Here are some thought/ramblings about Exodus. Enjoy.
Many argue whether or not the accounts in Exodus are real: the enslavement of the Hebrews, the plagues, the death of first-born Egyptian sons, the parting of the Re(e)d Sea (some scholars believe that the sea the Hebrews crossed was full of reeds, a marshy area that caused the chariots of the Egyptians to get stuck). Some can’t deal with the idea that such a loving God would kill innocent children to “prove a point.” Cross referencing Egyptian history records, there’s no account that any of these happened, including a slave revolt. Many have given a number of reasons that the Hebrews’ escape from Egypt is hogwash.
Whether or not it happened is, in essence, is of no importance. What those stories show us, however, is that God’s divine plan for mankind exceeds anything we could imagine and He would go to MANY great lengths to redeem us — from those who oppress us and even ourselves.
Exodus 9:16 says, “This is why I have let you live: to show you my power, and to make my name resound through all the earth.” How can we apply this to our own encounters with a proverbial “Pharaoh”? When God redeems us, it is for that very reason: so He may be glorified and His name made great.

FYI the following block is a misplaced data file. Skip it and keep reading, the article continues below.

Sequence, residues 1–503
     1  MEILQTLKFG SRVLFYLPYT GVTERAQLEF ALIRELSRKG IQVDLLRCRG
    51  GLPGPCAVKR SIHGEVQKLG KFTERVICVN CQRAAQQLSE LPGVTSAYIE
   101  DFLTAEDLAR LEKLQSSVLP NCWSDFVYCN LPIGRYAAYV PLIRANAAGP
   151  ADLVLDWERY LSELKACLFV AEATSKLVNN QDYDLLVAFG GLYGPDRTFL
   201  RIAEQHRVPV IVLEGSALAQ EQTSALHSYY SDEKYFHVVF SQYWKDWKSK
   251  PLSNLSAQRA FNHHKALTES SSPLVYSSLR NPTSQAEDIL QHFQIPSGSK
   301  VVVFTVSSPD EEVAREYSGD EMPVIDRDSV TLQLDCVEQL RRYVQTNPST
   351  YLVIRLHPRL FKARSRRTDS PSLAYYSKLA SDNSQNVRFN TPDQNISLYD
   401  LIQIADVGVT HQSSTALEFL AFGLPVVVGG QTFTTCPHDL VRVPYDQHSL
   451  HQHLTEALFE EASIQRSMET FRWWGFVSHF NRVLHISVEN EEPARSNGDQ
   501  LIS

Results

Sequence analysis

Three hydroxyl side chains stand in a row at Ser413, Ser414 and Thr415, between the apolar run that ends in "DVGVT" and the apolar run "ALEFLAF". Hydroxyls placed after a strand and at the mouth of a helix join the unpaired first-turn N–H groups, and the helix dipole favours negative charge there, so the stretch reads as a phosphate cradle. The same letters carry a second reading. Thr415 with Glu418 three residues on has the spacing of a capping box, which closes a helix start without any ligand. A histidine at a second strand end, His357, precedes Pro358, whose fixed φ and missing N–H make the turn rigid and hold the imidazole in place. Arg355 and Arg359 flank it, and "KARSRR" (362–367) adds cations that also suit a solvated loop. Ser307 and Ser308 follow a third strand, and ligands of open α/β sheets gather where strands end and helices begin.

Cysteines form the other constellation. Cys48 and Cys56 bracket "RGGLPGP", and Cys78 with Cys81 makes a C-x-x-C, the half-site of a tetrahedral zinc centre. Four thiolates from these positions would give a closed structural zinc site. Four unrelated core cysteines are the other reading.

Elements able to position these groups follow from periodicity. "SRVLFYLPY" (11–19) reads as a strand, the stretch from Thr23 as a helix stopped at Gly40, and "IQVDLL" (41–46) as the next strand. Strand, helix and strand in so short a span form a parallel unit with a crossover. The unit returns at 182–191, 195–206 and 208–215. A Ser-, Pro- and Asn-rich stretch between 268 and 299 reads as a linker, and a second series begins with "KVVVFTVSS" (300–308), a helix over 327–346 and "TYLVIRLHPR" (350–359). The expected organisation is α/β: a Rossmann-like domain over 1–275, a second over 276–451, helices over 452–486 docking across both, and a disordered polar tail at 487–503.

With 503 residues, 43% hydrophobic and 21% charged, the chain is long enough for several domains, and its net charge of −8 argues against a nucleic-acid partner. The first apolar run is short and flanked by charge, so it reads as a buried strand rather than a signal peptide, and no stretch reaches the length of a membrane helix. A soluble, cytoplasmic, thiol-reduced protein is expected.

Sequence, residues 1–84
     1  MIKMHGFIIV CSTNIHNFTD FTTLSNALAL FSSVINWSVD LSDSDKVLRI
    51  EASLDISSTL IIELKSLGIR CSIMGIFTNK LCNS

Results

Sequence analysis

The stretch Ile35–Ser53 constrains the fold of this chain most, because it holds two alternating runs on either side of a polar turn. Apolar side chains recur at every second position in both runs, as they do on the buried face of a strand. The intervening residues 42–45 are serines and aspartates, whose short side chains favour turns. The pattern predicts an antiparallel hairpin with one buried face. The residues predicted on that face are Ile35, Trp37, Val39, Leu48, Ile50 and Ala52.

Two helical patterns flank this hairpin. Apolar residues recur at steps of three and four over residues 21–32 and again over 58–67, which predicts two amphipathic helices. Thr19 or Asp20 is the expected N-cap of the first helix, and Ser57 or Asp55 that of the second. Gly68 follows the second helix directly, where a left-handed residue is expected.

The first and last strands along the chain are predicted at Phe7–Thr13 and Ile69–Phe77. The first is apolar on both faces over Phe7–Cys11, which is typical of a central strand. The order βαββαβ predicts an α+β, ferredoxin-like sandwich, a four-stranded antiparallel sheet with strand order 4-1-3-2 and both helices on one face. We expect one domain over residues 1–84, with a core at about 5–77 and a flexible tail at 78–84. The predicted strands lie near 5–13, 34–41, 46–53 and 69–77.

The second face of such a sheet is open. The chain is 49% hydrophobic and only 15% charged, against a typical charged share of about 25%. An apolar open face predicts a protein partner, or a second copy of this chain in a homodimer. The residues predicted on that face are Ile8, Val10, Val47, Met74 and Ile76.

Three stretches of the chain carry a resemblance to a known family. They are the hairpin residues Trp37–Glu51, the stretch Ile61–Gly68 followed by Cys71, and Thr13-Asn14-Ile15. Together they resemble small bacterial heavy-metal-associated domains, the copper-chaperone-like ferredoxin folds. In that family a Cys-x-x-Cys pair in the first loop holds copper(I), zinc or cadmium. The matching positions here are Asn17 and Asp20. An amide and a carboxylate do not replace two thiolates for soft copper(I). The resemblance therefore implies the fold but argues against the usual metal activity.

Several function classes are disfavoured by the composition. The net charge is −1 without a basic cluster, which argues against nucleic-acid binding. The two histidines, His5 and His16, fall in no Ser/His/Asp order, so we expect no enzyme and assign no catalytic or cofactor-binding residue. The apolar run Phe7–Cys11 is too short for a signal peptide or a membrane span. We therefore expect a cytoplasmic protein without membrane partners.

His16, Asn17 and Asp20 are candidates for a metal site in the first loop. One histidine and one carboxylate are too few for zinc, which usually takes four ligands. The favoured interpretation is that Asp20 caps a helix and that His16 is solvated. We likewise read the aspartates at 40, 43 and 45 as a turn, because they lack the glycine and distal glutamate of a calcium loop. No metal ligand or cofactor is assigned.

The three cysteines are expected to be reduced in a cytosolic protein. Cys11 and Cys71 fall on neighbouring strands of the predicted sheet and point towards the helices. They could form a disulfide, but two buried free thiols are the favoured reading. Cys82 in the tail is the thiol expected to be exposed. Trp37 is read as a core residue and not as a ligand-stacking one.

Sometimes, we find that people don’t believe the miraculous things that were done on our behalf by Him. Car accidents where your car was crushed completely but you got out without a scratch, still-born babies who were suddenly revived, barren wombs that produced multiple births without the help of fertility drugs… miraculous occurrences that were unexplainable.
Some of my friends and classmates determined that God is narcissistic, desperately desiring the praise and glory for all good things that happen to us. The Hebrews’ encounter with Pharaoh had nothing to do with Moses, Aaron, or the burden of proof that such things happened in the land of Egypt. It had everything to do with God’s insatiable desire for all to understand (friend or foe) that He’d do anything for His people — including you and me.
I challenge you to take hold of this idea that God desperately wants to save and redeem us — from the oppressor and even ourselves. He wants to orchestrate our lives in such a way that only He could receive glory for what has occurred. He wants to make us free to live and not be so concerned about long-standing traditions and tales. What has He done in YOUR life? That, my friends, is the true burden of truth.
On the Chase,
Alisha L. (The Seminarian)